A confession. There was a plan that, along with others, I subscribed to. The general election was scheduled to take place in 2020; two years or so before, a younger left-wing member of the new intake would take Jeremy Corbyn’s place. They could learn from the inevitable mistakes of the Labour leadership, and present a fresh message that could resonate with a wider section of the country. A genuine alternative to the status quo can be married to competence, a clear vision, message discipline and optimism. But you cannot dictate terms to history. We have run out of road. A general election is now inevitable, whether it be later in the year or the spring of next year.
I can only emphasise that I’m writing this in good faith: my only interests are the future of the left and the people it exists to represent. Yes, Jeremy Corbyn has a passionate layer of support in the Labour membership. We can argue about the reasons why (many reading will blame the undeniable hysterical opposition of the media), but his polling in wider society is bad: on some measures, very bad. The Labour leadership has never achieved the poll lead Ed Miliband (who went on to lose) had at this stage in the cycle, and that can only be partly explained by the loss of Scotland. The Tories — and the country — are in crisis and their prime minister a lameduck, but today a poll gave them a 4 point lead. Yesterday a poll put Labour neck-and-neck with the Tories, but read the smallprint: 53% of people who voted Labour in 2015 want Jeremy Corbyn to resign. The Tories are set to elect Boris Johnson — whether we like it or not, one of the country’s most popular politicians — as their leader, riding a wave of post-referendum euphoria on the part of the majority who voted to leave the European Union. Yes, Labour won mayoral elections in London and Bristol, and I expect it would do relatively well in a general election in major urban centres, particularly among the minority of younger people who can currently be mobilised to vote, not least in diverse communities. Elsewhere looks to be different. In smaller working-class towns, the danger of a re-energised UKIP ‘doing an SNP’ and storming Labour heartlands is a very obviously clear danger. The prospects of winning support in Scotland in a few months are nil.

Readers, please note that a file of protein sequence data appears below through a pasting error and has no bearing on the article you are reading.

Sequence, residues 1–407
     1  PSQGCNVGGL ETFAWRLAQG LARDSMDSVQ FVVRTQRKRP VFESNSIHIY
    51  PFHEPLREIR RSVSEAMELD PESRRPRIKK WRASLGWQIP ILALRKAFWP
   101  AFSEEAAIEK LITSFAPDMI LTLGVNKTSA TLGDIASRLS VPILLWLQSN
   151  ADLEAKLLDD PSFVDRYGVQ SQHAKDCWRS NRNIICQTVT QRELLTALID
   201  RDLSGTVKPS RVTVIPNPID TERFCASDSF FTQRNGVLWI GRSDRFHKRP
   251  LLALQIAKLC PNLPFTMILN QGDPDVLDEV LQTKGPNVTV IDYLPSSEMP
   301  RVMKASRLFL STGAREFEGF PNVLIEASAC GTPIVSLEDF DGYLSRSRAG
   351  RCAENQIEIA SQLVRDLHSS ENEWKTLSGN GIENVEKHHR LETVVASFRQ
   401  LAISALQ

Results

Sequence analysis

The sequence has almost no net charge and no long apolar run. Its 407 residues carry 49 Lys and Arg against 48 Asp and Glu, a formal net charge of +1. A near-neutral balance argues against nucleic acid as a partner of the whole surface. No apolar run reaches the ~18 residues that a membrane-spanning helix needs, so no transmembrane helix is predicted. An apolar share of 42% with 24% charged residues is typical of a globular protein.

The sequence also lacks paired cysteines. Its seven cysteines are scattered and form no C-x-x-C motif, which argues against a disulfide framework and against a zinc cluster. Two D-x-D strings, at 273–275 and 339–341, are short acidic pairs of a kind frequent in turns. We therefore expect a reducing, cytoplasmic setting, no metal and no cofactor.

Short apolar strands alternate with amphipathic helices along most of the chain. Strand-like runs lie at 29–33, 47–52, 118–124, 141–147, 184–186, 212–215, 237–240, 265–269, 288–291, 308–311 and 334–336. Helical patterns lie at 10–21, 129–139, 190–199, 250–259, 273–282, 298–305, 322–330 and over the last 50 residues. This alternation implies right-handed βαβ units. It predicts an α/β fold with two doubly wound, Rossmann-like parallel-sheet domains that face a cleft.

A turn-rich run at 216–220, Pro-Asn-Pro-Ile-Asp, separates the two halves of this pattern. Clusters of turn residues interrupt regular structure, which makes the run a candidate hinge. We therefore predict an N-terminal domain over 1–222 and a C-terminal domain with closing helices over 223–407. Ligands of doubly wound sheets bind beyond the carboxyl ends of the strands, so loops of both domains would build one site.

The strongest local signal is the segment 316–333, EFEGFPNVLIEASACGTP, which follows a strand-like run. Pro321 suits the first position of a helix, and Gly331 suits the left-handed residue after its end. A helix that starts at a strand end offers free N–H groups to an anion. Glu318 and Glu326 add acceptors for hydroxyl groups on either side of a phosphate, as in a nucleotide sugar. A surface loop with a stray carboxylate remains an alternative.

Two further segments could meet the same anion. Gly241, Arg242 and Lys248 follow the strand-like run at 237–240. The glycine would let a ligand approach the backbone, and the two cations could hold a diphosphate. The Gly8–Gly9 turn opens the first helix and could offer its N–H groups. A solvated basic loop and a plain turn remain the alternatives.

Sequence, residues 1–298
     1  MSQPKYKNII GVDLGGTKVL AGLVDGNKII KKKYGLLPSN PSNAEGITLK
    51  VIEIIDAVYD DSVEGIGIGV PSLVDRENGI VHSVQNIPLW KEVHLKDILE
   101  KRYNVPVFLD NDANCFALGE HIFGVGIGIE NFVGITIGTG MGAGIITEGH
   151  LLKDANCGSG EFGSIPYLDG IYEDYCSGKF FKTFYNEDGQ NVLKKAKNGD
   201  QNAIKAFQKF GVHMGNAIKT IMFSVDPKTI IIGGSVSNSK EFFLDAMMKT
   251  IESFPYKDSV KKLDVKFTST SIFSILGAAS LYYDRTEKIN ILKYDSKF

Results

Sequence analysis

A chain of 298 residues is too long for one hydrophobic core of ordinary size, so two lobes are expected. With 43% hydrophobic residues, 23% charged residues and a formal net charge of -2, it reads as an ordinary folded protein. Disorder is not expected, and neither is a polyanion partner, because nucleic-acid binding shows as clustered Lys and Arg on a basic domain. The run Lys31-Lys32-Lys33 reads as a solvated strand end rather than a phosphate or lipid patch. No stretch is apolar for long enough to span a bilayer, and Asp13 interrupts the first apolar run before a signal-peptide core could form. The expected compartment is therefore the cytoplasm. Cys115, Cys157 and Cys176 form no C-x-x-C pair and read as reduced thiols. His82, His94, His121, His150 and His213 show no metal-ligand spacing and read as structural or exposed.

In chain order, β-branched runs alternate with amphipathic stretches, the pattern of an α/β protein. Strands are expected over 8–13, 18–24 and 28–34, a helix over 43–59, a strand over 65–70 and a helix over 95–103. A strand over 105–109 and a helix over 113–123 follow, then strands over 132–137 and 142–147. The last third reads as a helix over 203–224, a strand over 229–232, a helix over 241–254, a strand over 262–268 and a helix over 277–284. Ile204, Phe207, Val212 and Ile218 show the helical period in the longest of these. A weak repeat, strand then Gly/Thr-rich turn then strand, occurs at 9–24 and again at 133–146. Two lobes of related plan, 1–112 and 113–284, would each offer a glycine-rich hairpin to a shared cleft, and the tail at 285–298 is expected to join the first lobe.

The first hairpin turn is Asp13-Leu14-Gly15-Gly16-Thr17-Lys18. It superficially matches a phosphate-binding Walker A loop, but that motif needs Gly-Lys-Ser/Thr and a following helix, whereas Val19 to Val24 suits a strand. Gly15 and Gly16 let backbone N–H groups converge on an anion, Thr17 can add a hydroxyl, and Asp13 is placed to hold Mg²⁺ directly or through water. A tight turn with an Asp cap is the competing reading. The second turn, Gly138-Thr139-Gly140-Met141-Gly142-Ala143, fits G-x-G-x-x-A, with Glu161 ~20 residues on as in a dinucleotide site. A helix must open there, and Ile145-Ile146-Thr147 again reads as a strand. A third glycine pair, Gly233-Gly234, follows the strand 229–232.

Maybe it is possible to overcome these obstacles. Maybe Boris Johnson’s shine will wear off as the consequences of Leave come clear; maybe the unfolding national crisis will plunge the Tories into electoral chaos; maybe the Labour leadership can overcome the problems and mistakes of the past and improve Corbyn’s standing with the wider electorate and cut through a deeply hostile media; maybe those sections of the electorate we have failed to galvanise in sufficient numbers — not least younger voters — will change the dynamics. These are all theoretically possible, of course. And yes, Labour’s prospects have been significantly damaged by the timing and nature of this coup attempt. But these are, as anyone rational can surely agree, big ifs and big gambles with more at stake than at any point since 1945.